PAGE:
September 7, 2013

Obama goes home without a coalition

The president says he will argue for a military strike on Syria in an address Tuesday.

By KATHLEEN HENNESSEY and SERGEI L. LOIKO Tribune Washington Bureau

ST. PETERSBURG, Russia — After two days of intense lobbying, President Obama left a summit with world leaders Friday with some expressions of support for a strong U.S. response to Syria's alleged use of chemical weapons, but well short of an international coalition that might help persuade reluctant lawmakers.

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President Barack Obama, speaking at a news conference at the G-20 Summit in St. Petersburg, Russia, on Friday said he had a "candid and constructive conversation" with Russian President Vladimir Putin, even if they still disagreed on how to respond to the chemical weapons use in Syria.


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Russia's President Vladimir Putin, center foreground, gestures as he walks by U.S. President Barack Obama, front row second right, as he takes his place at a group photo outside of the Konstantin Palace in St. Petersburg, Russia on Friday, Sept. 6, 2013. World leaders are discussing Syria's civil war at the summit but look no closer to agreeing on international military intervention to stop it. (AP Photo/Ivan Sekretarev)

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The president had hoped to use the meeting of the Group of 20 nations to build pressure on Congress as it considers whether to authorize missile strikes against Syrian President Bashar Assad's government.

Before leaving for Washington, Obama said at a news conference that he will make his case in an address from the White House on Tuesday, an acknowledgment that his plans remain divisive abroad and at home.

"This is not something that I think a lot of folks around the world, you know, find an appetizing set of choices," he said. "But the question is, do these norms mean something? And if we're not acting, what does that say?"

The president had to settle for a carefully worded statement backed by representatives of 10 countries that said Assad should be held accountable for an alleged nerve gas attack on the Damascus suburbs two weeks ago, but did not explicitly support military action or promise participation. Among the leaders who did not endorse the statement was the summit's host, Russian President Vladimir Putin, who is Assad's closest ally.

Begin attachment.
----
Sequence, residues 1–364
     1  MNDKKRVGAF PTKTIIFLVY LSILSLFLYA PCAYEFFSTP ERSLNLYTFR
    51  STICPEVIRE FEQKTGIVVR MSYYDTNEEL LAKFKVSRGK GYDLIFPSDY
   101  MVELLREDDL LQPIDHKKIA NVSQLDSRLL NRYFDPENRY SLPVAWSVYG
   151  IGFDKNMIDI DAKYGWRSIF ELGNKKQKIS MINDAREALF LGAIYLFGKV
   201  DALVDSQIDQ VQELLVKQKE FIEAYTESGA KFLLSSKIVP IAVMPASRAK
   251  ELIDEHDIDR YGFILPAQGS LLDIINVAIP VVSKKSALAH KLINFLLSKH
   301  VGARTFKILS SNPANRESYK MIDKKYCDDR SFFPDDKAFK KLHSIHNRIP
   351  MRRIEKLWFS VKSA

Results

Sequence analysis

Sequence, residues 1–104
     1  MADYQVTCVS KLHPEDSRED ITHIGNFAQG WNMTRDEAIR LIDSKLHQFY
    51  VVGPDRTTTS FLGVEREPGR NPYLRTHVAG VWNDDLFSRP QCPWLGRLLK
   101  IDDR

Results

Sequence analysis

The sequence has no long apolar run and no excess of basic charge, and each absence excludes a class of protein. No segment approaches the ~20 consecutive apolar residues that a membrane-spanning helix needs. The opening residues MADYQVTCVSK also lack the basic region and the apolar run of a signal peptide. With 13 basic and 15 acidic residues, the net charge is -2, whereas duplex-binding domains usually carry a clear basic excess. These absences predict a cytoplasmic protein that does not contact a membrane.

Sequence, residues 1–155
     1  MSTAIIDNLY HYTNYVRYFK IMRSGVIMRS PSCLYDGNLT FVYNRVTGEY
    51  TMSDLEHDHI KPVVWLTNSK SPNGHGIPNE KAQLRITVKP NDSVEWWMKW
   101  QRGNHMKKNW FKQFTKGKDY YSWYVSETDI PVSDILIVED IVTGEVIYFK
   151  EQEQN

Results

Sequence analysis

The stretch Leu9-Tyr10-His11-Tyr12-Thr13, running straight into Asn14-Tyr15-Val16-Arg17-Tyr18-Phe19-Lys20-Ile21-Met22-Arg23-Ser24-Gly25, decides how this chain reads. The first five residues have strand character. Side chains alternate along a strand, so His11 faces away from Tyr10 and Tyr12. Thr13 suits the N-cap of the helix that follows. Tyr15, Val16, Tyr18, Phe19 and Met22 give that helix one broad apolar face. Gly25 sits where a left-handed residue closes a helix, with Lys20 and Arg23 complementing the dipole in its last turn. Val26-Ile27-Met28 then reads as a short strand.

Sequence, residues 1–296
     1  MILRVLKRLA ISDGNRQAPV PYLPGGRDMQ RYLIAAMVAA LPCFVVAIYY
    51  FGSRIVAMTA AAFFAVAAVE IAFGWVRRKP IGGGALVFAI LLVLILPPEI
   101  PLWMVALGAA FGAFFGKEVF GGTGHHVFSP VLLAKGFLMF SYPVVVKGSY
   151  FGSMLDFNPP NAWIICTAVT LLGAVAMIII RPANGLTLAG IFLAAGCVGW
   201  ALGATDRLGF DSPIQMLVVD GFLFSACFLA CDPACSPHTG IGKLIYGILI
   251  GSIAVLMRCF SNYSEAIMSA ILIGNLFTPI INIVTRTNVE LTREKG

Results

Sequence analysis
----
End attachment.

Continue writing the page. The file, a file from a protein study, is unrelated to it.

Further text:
Obama and Putin pulled up two chairs in a corner and talked for more than 20 minutes Friday, almost entirely about Syria. The leaders have exchanged harsh words, but Putin called the talk "friendly" and Obama said it was "candid and constructive." But it did not break their impasse over how to respond to the suspected chemical weapons attack or how to end the 21/2-year-old Syrian civil war.

"We both remained unconvinced by each other's opinion," Putin said at a news conference. "But there is a dialogue. We hear each other, we understand arguments, but we don't agree with them."

Putin added that Russia will continue to supply weapons to Assad in his battle against the rebel opposition. Local news reports said three Russian ships and possibly a fourth were headed to the eastern Mediterranean, where the United States has four guided missile destroyers and an amphibious ship with 300 Marines.

At a dinner that stretched into the morning hours Friday, world leaders vigorously debated Obama's plan, with many saying the president should wait for the United Nations to complete a report on the Aug. 21 attack and sanction a response. Obama argued that the U.N. Security Council was paralyzed by disagreement. Russia and China, which have veto power, have blocked efforts at the Security Council to put pressure on Assad.

Obama's plan for what he stresses will be "limited and not open-ended" strikes also remains unpopular in the United States. The statement and the heated discussion were reminders of what Obama has called "a heavy lift" as he seeks to sell lawmakers and the American public on the need for a military response.

Jon B. Alterman, director of the Middle East Program at the Center for Strategic and International Studies, said the problem for Obama isn't whether he has international support but American support. "The people who matter right now are Americans," Alterman said. "If he can't convince them, it's catastrophic for his presidency."

The Senate could take the first vote on the issue as soon as Wednesday, but the House should "expect a robust debate" and a vote in the "next two weeks," said Majority Leader Eric Cantor, R-Va.

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